. The employee also gets credit for Social Security and Medicare contributions.
This is vital and it is something the employee has earned. The handling of this kind of tax is completely different from general, federal income tax. The employer is holding the employee's earnings in trust. Those earnings, while paid to the government, are technically the property of the employee while being held by the employerbefore deposit. In other words, whether the employer acknowledges it or not, the employer holds one of the most significant positions in our society, the employer is a trustee.
When a trustee converts assets from a trust to its own use, that is one of the vilest acts of conversion that can happen in Western society. When the Chief Financial Officer in Dixon stole all those millions of dollars, it was basically theft from a trust. When you occasionally read of a lawyer taking personal injury money or estate money, as happened here a year or so ago, that is a theft or conversion from a trust. Taking money
that does not belong to you when you are a trustee
of that money is, frankly, an act of moral turpitude.
There is no way to put a happy face on it.
It is not too strong to say that, when an employer does not pay 941s, he is stealing from his employees. He is stealing in real time because he is taking their federal tax contributions. Moreover he is stealing a portion of their future because he is depriving them of Social Security and Medicare contributions. Indirectly, he is affecting everyone in the Medicare pool because he is reducing the amount of general contributions and that changes the actuarial calculations. The failure to pay 941s, in addition to being a breach of trust, is an act of negative citizenship (this is a lousy term that I am using to avoid saying "anarchy.")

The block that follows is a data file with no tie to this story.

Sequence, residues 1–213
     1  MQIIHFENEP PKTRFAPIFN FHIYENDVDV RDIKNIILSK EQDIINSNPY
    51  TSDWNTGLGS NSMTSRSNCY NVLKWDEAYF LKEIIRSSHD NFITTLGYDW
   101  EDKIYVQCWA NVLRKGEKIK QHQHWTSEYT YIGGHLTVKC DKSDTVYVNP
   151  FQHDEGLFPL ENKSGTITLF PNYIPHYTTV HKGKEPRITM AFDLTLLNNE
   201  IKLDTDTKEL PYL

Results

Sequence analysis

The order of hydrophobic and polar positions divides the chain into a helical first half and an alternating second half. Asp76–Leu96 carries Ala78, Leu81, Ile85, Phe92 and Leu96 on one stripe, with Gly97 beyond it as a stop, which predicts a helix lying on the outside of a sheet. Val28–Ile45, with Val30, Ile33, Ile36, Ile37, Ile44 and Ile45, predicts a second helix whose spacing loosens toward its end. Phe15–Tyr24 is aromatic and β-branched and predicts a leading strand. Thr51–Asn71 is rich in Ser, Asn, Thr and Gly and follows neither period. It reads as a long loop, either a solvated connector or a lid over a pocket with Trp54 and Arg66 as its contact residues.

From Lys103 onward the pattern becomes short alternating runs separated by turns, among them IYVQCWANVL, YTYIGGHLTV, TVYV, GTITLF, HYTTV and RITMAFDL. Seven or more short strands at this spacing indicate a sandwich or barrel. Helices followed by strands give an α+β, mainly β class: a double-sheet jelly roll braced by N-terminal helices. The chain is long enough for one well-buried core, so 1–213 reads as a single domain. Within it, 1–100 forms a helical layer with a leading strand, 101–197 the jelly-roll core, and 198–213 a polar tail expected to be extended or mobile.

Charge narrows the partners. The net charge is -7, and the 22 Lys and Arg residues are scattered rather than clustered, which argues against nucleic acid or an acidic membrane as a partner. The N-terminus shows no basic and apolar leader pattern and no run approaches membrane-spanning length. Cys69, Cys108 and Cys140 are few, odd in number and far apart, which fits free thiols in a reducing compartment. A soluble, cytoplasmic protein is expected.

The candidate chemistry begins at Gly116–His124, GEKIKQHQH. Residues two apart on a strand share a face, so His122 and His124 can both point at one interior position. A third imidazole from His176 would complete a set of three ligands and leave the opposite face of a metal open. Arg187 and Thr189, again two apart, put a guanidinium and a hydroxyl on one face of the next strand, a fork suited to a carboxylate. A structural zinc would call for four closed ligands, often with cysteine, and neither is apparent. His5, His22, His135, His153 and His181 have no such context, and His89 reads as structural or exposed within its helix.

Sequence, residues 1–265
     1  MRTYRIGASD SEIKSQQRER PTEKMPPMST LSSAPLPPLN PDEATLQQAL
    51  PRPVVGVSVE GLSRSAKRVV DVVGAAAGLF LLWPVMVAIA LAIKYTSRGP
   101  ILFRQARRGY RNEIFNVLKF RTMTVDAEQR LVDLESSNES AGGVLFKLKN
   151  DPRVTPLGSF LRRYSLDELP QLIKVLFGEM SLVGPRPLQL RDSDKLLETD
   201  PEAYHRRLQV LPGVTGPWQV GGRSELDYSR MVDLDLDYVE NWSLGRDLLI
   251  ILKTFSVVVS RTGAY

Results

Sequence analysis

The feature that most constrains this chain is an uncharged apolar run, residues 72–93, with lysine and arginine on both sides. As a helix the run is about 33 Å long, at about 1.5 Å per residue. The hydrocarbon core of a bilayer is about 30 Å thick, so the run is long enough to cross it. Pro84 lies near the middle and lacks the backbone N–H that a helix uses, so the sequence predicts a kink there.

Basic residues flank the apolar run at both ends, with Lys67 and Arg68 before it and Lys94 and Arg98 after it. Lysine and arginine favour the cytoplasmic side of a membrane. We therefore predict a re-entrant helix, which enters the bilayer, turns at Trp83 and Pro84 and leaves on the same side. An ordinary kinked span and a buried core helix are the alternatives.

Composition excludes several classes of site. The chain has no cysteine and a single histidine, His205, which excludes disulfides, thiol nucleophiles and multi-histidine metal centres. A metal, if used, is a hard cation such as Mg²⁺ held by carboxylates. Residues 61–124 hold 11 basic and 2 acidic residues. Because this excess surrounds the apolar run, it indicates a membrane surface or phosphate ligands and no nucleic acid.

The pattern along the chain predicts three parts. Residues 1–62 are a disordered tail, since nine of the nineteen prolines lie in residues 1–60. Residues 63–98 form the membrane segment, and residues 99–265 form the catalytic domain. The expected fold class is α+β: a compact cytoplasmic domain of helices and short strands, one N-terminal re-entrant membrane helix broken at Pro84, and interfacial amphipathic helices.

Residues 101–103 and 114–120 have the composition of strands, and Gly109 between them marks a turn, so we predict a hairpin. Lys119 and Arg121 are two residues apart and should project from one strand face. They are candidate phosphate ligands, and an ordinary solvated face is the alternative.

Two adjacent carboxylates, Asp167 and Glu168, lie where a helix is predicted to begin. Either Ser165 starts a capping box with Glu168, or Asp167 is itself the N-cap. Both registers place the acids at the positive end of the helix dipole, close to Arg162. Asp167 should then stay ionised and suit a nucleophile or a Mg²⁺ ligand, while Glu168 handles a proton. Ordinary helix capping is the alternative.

Again, if these are 941 taxes
, a contention that they were not being paid to "protect the employees"
is disingenuous at best and baseline dishonest
. If the employer's failing to pay the 941s he is taking money that is already the property of the employees, earned once and using it to pay the employer's payroll obligations and to maintain the benefit of the labor of the employees.
The argument that not paying 941s is some kind of act of grace toward employees is simply incorrect, tantamount to saying one had to destroy the village to save it.
This raises a whole different issue. Paul's explanation is that he made these difficult choices to save jobs. If the taxes are 941's, Paul's explanation is unacceptably dishonest. If he holds a public job, who is going to believe a word he says. If someone will lie about his employees, he will lie about anything. Is not a presumption of credibility an important asset in a Deputy Mayor?
I do not know whether there are 941 taxes in Paul's obligation. If there are, they constitute an issue of fitness for duty. A man who takes money from his employees' trust and then says he did it for the good of his employees is not worthy of the public trust.